Human bodies are designed to walk, run, climb, and jump—not to spend days hunched over a computer. Maybe, in thousands of years, people will evolve to remain sedentary without worrying about any health repercussions. But until then, you need to acknowledge that your body needs to move and maintain good posture to function properly. You can start by observing proper posture when working out at home.
Without a trainer to guide you, it’s easy to ignore all those reminders to exercise with the correct form. But this article will discuss some ways poor posture affects your exercise performance and daily physical activities.
Poor Posture Can Weaken Your Core
Your core isn’t only designed to support you when you’re doing crunches or planks. It stays active to keep your body stable while standing and moving. But when you’re sitting in a poor posture position all day long, your core muscles won’t be doing much at all. This can lead to reduced core strength over time.
A weak and inactive core can significantly reduce your exercise performance. It can even increase the risk of low back pain. Sure, you can get medical treatment or relief for your back pain. But you still have to address the issue at its core. One simple way to resolve this is to properly align your pelvis and engage your core muscles when doing plank exercises. Also, integrate functional training into your home workouts; focus more on compound exercises such as squats and lunges rather than excessive sit-ups.
If you spend your days working on a laptop, take a break from that sedentary position. Stand up and move around for several minutes every break instead of letting yourself be uninterrupted for hours.
Your Glutes Will Not Work Optimally
When your gluteal muscles or glutes are working properly, they can help align the pelvis and support the knee to provide a force that can help your body as you do squats, lunges, and jumping movement patterns. With strong glutes, you can then do compound exercises correctly, which, in turn, help strengthen your core muscles, as mentioned above. But flash news: sitting all day long and ruining your posture can also affect your gluteal muscles.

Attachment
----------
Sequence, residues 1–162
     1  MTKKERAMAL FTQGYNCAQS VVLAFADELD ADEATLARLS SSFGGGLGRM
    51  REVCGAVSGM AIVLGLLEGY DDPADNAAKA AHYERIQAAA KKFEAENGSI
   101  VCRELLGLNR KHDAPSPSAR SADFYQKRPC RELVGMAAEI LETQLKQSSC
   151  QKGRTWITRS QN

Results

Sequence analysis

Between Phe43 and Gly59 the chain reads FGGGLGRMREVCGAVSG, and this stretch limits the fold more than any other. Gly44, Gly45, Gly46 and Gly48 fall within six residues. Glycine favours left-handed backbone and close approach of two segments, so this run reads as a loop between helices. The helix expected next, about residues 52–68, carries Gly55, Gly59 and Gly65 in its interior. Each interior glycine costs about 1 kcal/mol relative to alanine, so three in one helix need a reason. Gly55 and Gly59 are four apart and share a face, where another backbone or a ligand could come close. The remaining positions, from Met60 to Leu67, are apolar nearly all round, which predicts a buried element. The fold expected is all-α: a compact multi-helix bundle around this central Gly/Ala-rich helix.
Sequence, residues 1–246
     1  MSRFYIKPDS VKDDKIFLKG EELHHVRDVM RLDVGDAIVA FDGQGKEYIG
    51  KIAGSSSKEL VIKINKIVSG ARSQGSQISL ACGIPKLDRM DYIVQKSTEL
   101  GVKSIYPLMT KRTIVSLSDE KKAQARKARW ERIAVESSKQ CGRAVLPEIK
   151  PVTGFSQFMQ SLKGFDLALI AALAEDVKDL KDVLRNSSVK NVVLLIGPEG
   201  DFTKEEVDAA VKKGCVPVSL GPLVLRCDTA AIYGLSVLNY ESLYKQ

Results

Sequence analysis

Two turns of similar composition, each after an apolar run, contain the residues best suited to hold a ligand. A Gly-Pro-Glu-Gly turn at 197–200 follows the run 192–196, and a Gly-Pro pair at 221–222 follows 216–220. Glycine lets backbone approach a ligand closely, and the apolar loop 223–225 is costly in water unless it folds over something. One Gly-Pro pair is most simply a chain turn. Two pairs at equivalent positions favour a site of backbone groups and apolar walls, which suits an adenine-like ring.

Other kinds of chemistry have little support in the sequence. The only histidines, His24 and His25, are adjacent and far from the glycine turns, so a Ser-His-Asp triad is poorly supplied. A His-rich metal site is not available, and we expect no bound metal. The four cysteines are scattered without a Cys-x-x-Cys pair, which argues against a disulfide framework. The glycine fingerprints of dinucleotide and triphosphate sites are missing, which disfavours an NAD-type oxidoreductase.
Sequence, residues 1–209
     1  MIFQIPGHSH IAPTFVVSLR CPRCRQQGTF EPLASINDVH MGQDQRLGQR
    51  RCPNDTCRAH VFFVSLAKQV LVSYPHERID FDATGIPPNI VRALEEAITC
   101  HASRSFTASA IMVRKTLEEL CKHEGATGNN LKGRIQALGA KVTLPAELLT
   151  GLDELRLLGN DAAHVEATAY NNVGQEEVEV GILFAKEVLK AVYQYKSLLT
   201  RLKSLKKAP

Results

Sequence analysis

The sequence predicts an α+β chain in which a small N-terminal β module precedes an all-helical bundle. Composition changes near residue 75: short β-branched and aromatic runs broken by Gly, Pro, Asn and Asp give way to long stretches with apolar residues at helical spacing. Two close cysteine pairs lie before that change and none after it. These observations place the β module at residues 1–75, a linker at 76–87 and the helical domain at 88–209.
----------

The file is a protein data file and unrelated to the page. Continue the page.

If you sit for hours frequently, your glutes work like cushions to support the rest of your body. But that’s not how those muscles are designed. Instead, they are supposed to support your hip and thigh, especially when you’re climbing stairs and standing up from a sitting position. What happens when you’re sitting for extended periods is that your hip flexors get short and tight. In turn, the opposite muscles—the gluteal muscles—adapt and are forced to lengthen. Over time, your glutes weaken and lose their optimal function.
You can restore optimal glute function by doing stretches that release tight hip flexors. Doing activation exercises such as fire hydrants and bridges can help, too. And again, improve your posture by standing up straight and tall, moving more, and observing correct form when stretching and doing home workouts.
Solution: Execute Essential Exercises with the Correct Form
The key takeaway here is that bad posture can affect your exercise performance and overall physical health—and correcting it requires you to move more, do stretches, and observe proper exercise form. So to help you further, here are some essential exercises and how to execute them with correct posture.
- For squats, remember not to let your knees drop inward. Make sure to spread your knees apart. To get the proper technique, focus on doing air squats with a resistance band around your thighs.
- When planking, keep in mind that you have to prevent your head and tummy from sagging to the floor. Do planks in front of a mirror to check if you are in one straight line from head to ankles.
- For shoulder press, always hold your elbows slightly forward of your chest. That’s instead of the usual mistake of lifting with elbows at the sides.
- When running, don’t tilt your head down and slump your shoulders. Instead, broaden your chest, engage your core, look forward, keep your arms and hands relaxed, and maintain a neutral pelvis.
A sedentary lifestyle can impact your posture, as well as your ability to exercise effectively. So, make sure to take ample breaks from sitting for hours. Start correcting your posture today whenever you’re sitting, standing, and climbing. And more importantly, observe proper forms when stretching and exercising at home. That way, you can restore optimal functions of certain muscle groups and avoid sports injury.